The pressure within the container should be great enough to prevent the gas obtained by the decomposition of the foaming agent from expanding to form metal foam immediately or while within the container. When the has.

mixture of metal and foaming agent is expelled from the pressure container, the gas formed by the decomposition of the foaming agent expands to form the desired metal foam.

If a mixture of metal particles, and particles of a material adapted to effect foaming is to be used, while preparing the mixture, a great deal of care must be taken to insure thorough mixing of said mixture so that particles of the foaming agent are uniformly dispersed throughout the metal to be foamed.

In some cases, it maybe preferable to take hydridecontaining metal alloy, mix this material with the molten metal to be foamed which preferably is maintained relatively near its solidus temperature and then quickly cooled to suppress foaming the mixture. This material is ground into particles and this mixture is then used in the same manner as the hydride-containing metal alloy and metal particle mixture. l The metal to be foamed can be of any shape and size although it is preferred that it is in the form of particles, powder, or granules and in the same form as is the foaming agent.

After formation of the metal foam, the foam preferably is cooled. This may be done by means of Water, air, oil or other means capable of performing the desired duties.

The process may be carried out in a pressurized container, molds, casts or any other suitable container depending on the materials used and the desired shape of the finished product.

While the use of a vibrating hopper for the continuous process is preferred, we may also use other types of feeders; examples thereof including a screw-type feeder such as a helical screw or cone shaped container having a base which may be opened or closed, or a hopper having a mesh at the base thereof.

In a continuous process, we may continuously add a mixture ofmetal to be foamed and a material adapted to effect foaming preferably to a vibrating hopper, said hopper vibrating in such a manner to allow a steady stream of mixture to flow down a trough attached to the base of said hopper onto a conveyor belt. The conveyor belt moves through a heated zone, said zone being supplied with heat by gas burners, at a rate of speed which allows the metal of the mixture to melt and after melting of the metal causes the decomposition of the foaming agent. The molten metal foam while still on the conveyor belt, is then subjected to cooling in order to insure the rigidity of the walls of the discrete cellular bubbles within said metal foam.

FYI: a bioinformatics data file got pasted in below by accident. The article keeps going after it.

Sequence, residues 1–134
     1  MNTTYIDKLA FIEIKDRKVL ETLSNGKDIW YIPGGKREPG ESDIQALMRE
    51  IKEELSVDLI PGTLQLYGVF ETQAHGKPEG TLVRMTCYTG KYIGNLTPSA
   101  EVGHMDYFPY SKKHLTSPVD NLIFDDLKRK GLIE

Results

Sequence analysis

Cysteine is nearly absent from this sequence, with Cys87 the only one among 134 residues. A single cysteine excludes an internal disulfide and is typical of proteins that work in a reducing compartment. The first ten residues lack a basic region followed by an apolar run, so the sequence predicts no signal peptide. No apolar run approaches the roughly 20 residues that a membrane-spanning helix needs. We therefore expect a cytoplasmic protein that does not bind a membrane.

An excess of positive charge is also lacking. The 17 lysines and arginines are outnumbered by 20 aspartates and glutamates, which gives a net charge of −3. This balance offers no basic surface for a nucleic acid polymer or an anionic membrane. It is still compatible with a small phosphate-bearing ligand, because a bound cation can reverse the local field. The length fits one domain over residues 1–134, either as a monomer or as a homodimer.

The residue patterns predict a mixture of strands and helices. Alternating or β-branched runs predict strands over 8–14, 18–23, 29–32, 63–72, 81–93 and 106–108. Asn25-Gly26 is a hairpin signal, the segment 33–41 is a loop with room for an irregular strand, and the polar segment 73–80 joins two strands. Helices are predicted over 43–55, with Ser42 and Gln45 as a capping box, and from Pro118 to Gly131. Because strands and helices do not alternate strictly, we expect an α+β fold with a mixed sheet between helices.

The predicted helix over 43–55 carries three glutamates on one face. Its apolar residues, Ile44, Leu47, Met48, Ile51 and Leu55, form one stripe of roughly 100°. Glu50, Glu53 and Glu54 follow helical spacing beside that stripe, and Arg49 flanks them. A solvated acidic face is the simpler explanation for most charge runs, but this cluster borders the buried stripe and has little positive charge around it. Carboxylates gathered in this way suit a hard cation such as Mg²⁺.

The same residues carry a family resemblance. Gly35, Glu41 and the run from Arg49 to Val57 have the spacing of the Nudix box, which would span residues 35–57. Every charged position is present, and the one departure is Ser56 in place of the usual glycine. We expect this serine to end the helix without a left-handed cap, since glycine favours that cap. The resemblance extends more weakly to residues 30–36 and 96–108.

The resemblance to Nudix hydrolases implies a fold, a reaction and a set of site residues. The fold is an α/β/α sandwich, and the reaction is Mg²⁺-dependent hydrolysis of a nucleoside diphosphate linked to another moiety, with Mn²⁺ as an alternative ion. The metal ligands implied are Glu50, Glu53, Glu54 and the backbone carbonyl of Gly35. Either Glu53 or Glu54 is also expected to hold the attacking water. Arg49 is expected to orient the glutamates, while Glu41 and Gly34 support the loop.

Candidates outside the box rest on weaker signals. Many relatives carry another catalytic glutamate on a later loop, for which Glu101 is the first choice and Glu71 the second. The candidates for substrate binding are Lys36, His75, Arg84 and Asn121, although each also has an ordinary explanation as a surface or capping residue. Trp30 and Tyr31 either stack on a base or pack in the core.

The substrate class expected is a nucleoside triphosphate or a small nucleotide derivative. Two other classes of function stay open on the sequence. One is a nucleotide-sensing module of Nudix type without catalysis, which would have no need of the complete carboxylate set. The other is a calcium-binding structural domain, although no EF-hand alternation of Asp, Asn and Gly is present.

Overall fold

If a foaming agent having a lower decomposition temperature than the melting temperature of the metal to be foamed is to be .used, it is desirable to employ a pressurized container. If a pressure container is used for the continuous process, it must contain therein, a vibrating hopper or other feeder, a trough to carry the particles from said hopper down to the conveyor belt, a conveyor belt, a heating zone for melting the metal to be foamed and a container through which the molten metal must travel before being expelled through an orifice onto another conveyor belt.

Before start-up of the process, the heating means of the heating zone are activated and the temperature within said container is brought to that temperature at which the metal to be foamed will melt. The particles to be foamed are added through an opening in the top of the pressure unit and the unit is then closed. The pressure is then built-up within the container by the addition of a gas such as oxygen.

The process is then started by causing the hopper to vibrate thus freeing particles which move down the trough in a steady stream onto the conveyor belt thereunder. The conveyor belt gradually moves to expose the particles of said mixture to the action of sufiicient heat to melt the metal particles and to cause decomposition of the foaming agent; the foaming tendency ofthe foaming agent being repressed by the pressure built up within said container. The molten material then flows into a funnelshaped container or other container and is expelled from the pressure container through an orifice and the release of the vapor pressure causes foaming or expansion of the gas contained within said molten metal. After expulsion through the orifice the molten metal foam flows onto another conveyor belt and the discrete cellular bubbles formed therewithin are made rigid by air cooling.

. If a pressure unit is to be used, there are several variables which may be regulated. The vibrator may be reg- 'ulated so that the mixture of metal and foaming agent is uniformly released. If the hopper release of the mixture is too slow, insufficient foam may be produced unless the conveyor belts are slowed down and if the release is too rapid the amount of metal foam produced may be too great to be handled by the conveyor belt unless the belt is speeded up or the metal may roll off or the container leading to the orifice at the end of the conveyor may not be large enough to handle the amount of metal.